Just as we get used to one change in law, another is around the corner

This year will offer little respite from the storm of regulation which rained on the industry in 2007.
Hot on the heels of the ban on smoking in public places and the tobacco age increase came a law banning the manufacture of non-child resistant lighters.
Manufacturers have been producing the new-style lighters, which have a more complex ignition process, since March 11, 2007, and from March 11 this year it became illegal for retailers to sell the old style.
Next on the regulatory list will be pictorial health warnings. Gruesome images of rotten teeth, cancerous growths and blackened lungs will enter the supply chain on the back of packs on September 30, 2008. Retailers will have until September 30, 2009, to sell through cigarette stocks without the warnings, and September 30, 2010, to sell through cigars, RYO tobacco and pipe tobacco displaying only text warnings. With proper stock rotation, retailers shouldn't have existing rear text health warning cigarette packs in store after September 30, 2009.
Needless to say, the images haven't been welcomed by the industry. Speaking at the launch of Imperial Tobacco's latest category review, general manager Peter Richards said: "Pictorial health warnings achieve nothing but to further stigmatise informed adults who choose to smoke."
The government's justification for them is that if provided with even more graphic information, more people would choose not to smoke.
However, the industry has slammed this argument using examples of other countries such as Canada, where no evidence has been found to show that consumption levels have dropped
as a result.
To help retailers deal with the change, Gallaher has launched an information website at www.phwarnings.com. class = "bold">number crunching



The industry could find pictorial health warnings to be the least of its problems, though, if proposals to ban the sale of cigarettes in packs of less than 20 get the green light.
The government believes that 10-packs are attractive to minors and wants to ban them in a bid to reduce take-up rates and cut underage smoking. However, the industry claims that such a move would put the thousands of legitimate adult smokers who choose to buy 10s for cost reasons at a huge disadvantage.
The 10s market currently accounts for one in five cigarettes sold, meaning that a ban could also result in serious losses for retailers. However, there are some retailers who believe that a ban on 10s could end up being a good thing. Yorkshire-based Londis retailer Barrie Seymour banned smaller pack sizes after he started to experience problems with gangs of underaged youths. He claims that since the ban, the problems with the youths have disappeared and that his sales of 20-packs have increased by almost 30% as adult shoppers switched to larger sizes.
Another issue in the pipeline is the restriction on display of tobacco products in stores. Legislation could force retailers across the UK to carry out costly refits to ensure that their gantries are hidden from view. It could even go so far as to require retailers to keep tobacco products in locked draws under the counter, as is the case in Thailand and Iceland.
Figures from the Association of Convenience Stores (ACS) suggest that new equipment to screen tobacco displays from view could cost the industry as much as £252m. The minimum a single store could expect to pay is £1,850, but this figure could rise to as much as £4,985, depending on the requirements, the ACS says.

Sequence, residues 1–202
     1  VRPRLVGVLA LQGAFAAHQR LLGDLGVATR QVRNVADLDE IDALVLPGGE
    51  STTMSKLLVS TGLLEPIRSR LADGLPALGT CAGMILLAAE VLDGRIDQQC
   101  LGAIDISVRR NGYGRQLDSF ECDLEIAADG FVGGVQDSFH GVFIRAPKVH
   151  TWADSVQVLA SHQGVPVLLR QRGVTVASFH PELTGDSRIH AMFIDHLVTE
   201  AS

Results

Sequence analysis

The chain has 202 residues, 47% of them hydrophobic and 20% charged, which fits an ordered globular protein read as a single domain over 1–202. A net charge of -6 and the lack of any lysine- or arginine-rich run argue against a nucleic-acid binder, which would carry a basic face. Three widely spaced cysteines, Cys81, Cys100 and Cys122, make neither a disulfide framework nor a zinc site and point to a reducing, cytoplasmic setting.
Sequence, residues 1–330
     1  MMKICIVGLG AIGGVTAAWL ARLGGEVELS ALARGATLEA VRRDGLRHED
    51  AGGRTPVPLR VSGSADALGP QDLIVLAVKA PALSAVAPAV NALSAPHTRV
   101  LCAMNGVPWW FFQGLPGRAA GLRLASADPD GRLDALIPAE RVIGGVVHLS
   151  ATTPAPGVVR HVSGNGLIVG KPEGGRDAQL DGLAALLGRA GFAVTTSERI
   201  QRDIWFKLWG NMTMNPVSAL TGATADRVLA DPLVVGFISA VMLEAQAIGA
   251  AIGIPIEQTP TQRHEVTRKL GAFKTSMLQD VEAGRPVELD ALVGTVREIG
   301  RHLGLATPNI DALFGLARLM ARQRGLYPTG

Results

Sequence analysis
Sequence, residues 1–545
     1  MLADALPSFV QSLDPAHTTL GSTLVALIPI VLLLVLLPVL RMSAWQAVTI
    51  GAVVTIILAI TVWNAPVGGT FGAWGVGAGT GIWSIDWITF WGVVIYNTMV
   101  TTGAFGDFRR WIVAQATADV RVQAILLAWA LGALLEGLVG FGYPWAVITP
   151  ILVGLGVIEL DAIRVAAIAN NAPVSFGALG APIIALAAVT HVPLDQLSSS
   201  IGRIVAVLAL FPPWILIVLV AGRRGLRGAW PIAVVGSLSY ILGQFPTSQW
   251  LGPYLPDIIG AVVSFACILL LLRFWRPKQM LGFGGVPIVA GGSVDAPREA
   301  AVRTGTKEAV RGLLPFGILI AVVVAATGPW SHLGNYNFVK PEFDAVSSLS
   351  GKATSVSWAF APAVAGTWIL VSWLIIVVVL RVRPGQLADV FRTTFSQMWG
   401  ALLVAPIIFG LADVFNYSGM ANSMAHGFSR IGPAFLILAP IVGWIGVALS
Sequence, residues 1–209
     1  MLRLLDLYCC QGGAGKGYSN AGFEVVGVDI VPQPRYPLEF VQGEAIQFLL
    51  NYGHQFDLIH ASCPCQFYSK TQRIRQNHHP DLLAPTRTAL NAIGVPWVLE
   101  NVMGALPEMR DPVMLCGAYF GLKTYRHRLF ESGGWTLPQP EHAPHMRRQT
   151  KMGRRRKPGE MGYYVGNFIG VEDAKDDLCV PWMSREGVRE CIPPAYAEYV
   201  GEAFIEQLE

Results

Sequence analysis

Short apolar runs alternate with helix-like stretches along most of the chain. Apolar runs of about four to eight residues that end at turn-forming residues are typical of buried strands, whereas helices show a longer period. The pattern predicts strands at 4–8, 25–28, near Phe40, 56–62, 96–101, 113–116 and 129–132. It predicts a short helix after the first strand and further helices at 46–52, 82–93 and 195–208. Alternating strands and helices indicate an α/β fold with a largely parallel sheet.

The UK government is running a consultation into all potential restrictions this summer, and the industry is urging retailers to get involved and share their concerns with their local MPs.
Gallaher head of communications Jeremy Blackburn says: "We must stand together and tell the government in one voice that enough is enough. Tobacco is a legal product and responsible retailers have a right to sell it."
Forcing retailers to hide tobacco under the counter would not only impact on profits, but it could also put them at risk of theft and abuse, he adds.
A spokeswoman for the Tobacco Manufacturers' Association believes that concealing tobacco products from view could encourage the illicit trade: "Hiding products from view makes it easier for traders of smuggled product to blend it into the legal supply chain and could pose further challenges to the enforcement effort against such traders."
Blackburn adds: "If people are not aware of what and where they can buy tobacco products they will go elsewhere, most likely to the illict trade."
A provincial-wide tobacco display ban has recently been rolled out in Canada. Stores have been forced to fit special "containment units" over their displays, the most popular of which is a specially designed false wall, which contains small cabinet doors behind which the cigarettes are housed. Staff must ensure that tobacco products are not displayed to customers while re-stocking, or any other process that may require the storage device to be opened and tobacco products viewed.

Positive or negative?



Another issue on which the UK government plans to consult this year is whether tobacco retailers should be licensed and, if so, whether to implement a negative or positive licensing scheme.
A positive licensing scheme would require all tobacco retailers to apply for a licence to sell. The trade believes that this type of system would not only be costly and time-consuming for retailers, but would be unfair for retailers who worked hard to restrict underage sales.
A negative licensing scheme would penalise only retailers who repeatedly sold to minors by banning them from selling tobacco for up to one year. A decision is due in the next few months.
While much of this legislation hangs on the outcomes of consultations, one thing is for certain: 2008 is going to be a crucial year.

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